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Handicapped Parking - Why Does It Exist?  
User currently offlineRonglimeng From Canada, joined Oct 2006, 625 posts, RR: 0
Posted (5 years 10 months 3 weeks 4 days 1 hour ago) and read 2275 times:

I'd like to revisit this topic. It was discussed here last year, more from the point of illegal parking and eligibility for stickers.

I question why it needs to exist at all? It seems to have originated in the 1970's as some kind of sympathetic recognition of handicapped people - gee, we're sorry you're handicapped, please park up front beside our employee of the month!

I've had some experience with handicapped people. My uncle who has MS had a special van with a extendable ramp. He needed more space than a standard handicapped space anyway and usually had to park at the far end of the lot.

My mother-in-law has knee problems and walking is a bit of an issue with her. When we shop, I drop her and her daughter right at the door of the store, and then find a parking spot myself.

I always thought that real handicapped people did not want special treatment and they wanted to demonstrate their abilities to the rest of us.

So what are these spots for anyway?

12 replies: All unread, jump to last
 
User currently offlineIAirAllie From , joined Dec 1969, posts, RR:
Reply 1, posted (5 years 10 months 3 weeks 4 days 1 hour ago) and read 2264 times:



Quoting Ronglimeng (Thread starter):
When we shop, I drop her and her daughter right at the door of the store, and then find a parking spot myself.

It's nice that they have you to do this for them.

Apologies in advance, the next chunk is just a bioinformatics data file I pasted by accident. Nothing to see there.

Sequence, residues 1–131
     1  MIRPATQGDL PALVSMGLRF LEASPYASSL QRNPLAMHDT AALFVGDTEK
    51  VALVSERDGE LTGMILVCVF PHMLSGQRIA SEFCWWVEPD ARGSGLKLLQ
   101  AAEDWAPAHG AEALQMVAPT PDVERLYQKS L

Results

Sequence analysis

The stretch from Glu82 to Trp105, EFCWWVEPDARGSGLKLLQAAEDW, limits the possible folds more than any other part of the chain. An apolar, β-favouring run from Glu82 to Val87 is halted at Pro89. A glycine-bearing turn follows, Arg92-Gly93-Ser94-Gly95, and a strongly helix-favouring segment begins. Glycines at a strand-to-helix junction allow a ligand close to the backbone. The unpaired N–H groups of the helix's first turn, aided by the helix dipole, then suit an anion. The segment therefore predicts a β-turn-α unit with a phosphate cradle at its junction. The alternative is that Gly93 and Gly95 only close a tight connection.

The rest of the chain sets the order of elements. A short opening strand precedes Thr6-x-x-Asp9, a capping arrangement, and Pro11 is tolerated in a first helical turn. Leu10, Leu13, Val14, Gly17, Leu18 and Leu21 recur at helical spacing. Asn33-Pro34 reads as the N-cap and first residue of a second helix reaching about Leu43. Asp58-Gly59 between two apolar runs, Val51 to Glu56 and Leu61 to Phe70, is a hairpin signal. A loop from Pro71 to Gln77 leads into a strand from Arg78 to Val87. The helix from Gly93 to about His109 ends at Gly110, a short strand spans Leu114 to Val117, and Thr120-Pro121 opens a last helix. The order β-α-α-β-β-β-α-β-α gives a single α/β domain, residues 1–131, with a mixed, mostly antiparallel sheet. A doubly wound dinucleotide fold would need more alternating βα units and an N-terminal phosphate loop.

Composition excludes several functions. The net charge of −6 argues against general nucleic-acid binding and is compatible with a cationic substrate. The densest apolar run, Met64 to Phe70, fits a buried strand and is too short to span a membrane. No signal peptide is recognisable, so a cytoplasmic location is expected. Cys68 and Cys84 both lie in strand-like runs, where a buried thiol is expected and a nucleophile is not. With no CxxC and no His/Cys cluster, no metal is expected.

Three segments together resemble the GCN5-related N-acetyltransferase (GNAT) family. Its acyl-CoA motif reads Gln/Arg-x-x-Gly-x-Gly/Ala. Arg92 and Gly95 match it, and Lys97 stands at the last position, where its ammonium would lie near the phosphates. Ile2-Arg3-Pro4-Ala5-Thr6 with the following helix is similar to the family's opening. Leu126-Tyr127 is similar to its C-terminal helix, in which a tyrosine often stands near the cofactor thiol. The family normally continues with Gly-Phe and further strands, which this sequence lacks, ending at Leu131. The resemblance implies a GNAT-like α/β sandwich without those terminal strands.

My grandmother has a permit. She had a double knee replacement and has stability issues. Walking long distances especially in the florida heat is difficult for her but she values her independence and rarely has any companion with her.

I find it annoying that there seem to be too many handicap spaces. I have only seen them all filled one time that I can remember.


User currently offlineVonRichtofen From Canada, joined Nov 2000, 4627 posts, RR: 36
Reply 2, posted (5 years 10 months 3 weeks 4 days 1 hour ago) and read 2264 times:

These days, it seems they're for fat people. I mean, god forbid they burn a few calories. I'm amazed how easily people can get those tags so they can use them. I rarely ever see anybody who's truly handicapped actually using one.


Word
User currently offline707cmf From France, joined Mar 2002, 4885 posts, RR: 29
Reply 3, posted (5 years 10 months 3 weeks 4 days 1 hour ago) and read 2258 times:



Quoting Ronglimeng (Thread starter):
I question why it needs to exist at all? It seems to have originated in the 1970's as some kind of sympathetic recognition of handicapped people - gee, we're sorry you're handicapped, please park up front beside our employee of the month!

Actually, it's more like
'gee, you have difficulties going around, please park in front where you'll have less distance to walk/move.

Quoting Ronglimeng (Thread starter):
I've had some experience with handicapped people. My uncle who has MS had a special van with a extendable ramp. He needed more space than a standard handicapped space anyway and usually had to park at the far end of the lot.

Most people in a wheel chair have a standard sized vehicle, with the chair folded either behind/beside them (in the trunk if they're with other people in the car).